I'm thinking about taking this show over to vox.com, but haven't decided yet, so I'll just doublepost for awhile until I do, I guess...

I've been doing a lot of spinning recently, prepping for craft fairs, and the weather finally broke, so I threw some dyeing in there as well. You'll have to excuse the lame composite picture, which I threw together with my graphics program, which I don't know how to use. I've had fun experimenting with various fibers recently -- the middle left is a silk/merino, and the bottom left is some random fiber I bought at NH Sheep and Wool. I'm always glad to return to merino, though, and everything else in that picture is merino. The green is from Dharia at skeintily clad, who lent me roving to spin at the Lowell Folk Fest. The jewel tone roving at top and middle right is what I'm working on right now -- dyed by steaming in a saran wrap packet on the stovetop, which is my favorite way to do 4oz packets of roving. I think it'll become hat kits. The bottom right is way prettier than that photo makes it look. Must work on photo and photo shopping skills.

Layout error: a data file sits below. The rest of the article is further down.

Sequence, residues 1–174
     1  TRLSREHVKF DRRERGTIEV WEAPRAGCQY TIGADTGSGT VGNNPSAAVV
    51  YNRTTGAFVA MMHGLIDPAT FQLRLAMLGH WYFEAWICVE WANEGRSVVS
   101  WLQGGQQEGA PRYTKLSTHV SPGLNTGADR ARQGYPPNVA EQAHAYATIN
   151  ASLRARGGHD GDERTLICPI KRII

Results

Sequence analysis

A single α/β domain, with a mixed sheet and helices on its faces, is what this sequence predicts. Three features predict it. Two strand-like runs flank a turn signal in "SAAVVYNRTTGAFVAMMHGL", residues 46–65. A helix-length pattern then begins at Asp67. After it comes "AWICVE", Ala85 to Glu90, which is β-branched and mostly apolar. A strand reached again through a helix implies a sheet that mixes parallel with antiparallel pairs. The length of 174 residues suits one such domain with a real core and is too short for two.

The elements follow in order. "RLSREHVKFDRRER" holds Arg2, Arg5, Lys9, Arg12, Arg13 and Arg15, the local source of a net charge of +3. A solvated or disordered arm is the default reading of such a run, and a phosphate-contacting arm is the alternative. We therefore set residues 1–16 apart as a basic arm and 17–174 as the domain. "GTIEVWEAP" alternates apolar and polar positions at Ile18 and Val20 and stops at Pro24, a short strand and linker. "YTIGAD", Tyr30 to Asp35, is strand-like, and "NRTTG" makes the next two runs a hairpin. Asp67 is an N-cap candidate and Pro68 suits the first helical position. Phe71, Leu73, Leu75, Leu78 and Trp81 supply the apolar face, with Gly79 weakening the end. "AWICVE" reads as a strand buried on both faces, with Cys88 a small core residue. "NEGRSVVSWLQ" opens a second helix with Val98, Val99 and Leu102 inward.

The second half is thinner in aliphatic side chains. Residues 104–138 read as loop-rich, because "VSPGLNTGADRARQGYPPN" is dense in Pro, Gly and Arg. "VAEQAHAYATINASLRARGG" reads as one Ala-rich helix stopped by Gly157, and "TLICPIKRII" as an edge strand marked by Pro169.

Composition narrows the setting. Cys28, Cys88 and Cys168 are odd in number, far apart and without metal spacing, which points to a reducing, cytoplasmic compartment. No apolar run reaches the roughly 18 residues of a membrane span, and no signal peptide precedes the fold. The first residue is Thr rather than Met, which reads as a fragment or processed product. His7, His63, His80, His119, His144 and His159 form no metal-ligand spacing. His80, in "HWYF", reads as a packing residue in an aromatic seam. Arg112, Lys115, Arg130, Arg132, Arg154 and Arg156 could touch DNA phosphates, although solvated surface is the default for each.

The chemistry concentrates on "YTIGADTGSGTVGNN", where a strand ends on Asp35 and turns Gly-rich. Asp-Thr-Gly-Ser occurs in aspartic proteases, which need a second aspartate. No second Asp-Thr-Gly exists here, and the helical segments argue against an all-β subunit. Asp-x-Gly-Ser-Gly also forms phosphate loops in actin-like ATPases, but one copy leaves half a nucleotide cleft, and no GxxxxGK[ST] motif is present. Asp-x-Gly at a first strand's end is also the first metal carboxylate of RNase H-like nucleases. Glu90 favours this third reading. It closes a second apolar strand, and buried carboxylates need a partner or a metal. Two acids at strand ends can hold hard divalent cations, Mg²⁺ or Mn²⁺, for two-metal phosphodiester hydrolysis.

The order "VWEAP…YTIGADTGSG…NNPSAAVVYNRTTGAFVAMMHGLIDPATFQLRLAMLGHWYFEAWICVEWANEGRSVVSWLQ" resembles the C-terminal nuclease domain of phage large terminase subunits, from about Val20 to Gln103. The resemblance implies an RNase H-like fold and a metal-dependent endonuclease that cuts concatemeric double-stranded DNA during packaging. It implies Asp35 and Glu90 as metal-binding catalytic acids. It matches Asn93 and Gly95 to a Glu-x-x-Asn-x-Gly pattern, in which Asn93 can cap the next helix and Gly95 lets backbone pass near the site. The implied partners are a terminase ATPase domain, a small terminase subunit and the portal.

Wednesday, July 26, 2006

is this thing on?

I haven't been knitting much, hence lack of posts, but I have finished almost-one and the beginning of a second jaywalker, plus 9 repeats of a flower basket shawl. I didn't finish the jaywalker because I'm paranoid about running out of yarn, so left the toe and started the second, so I can use a different yarn for both toes if need be.

I'm also trying to gear back up into craft fair mode. I spun 300 yards of a wonderful merino/silk blend from Bonkers Fiber that will probably be too pricey for anyone to want, but it'll go in the for sale pile for awhile at least. I'm trying to figure out what I dyed last time I dyed, as very little of it is labelled and it's from, oh, May or so. Argh.

My yarns will be at the Lowell Folk Fest on Saturday and Sunday of this week, and I'll be joining them there on Sunday. I'm playing in a Scrabble tournament on Saturday, so the lovely Dharia will be wool-sitting for me. Exciting stuff! Hopefully everything will be accounted for by then.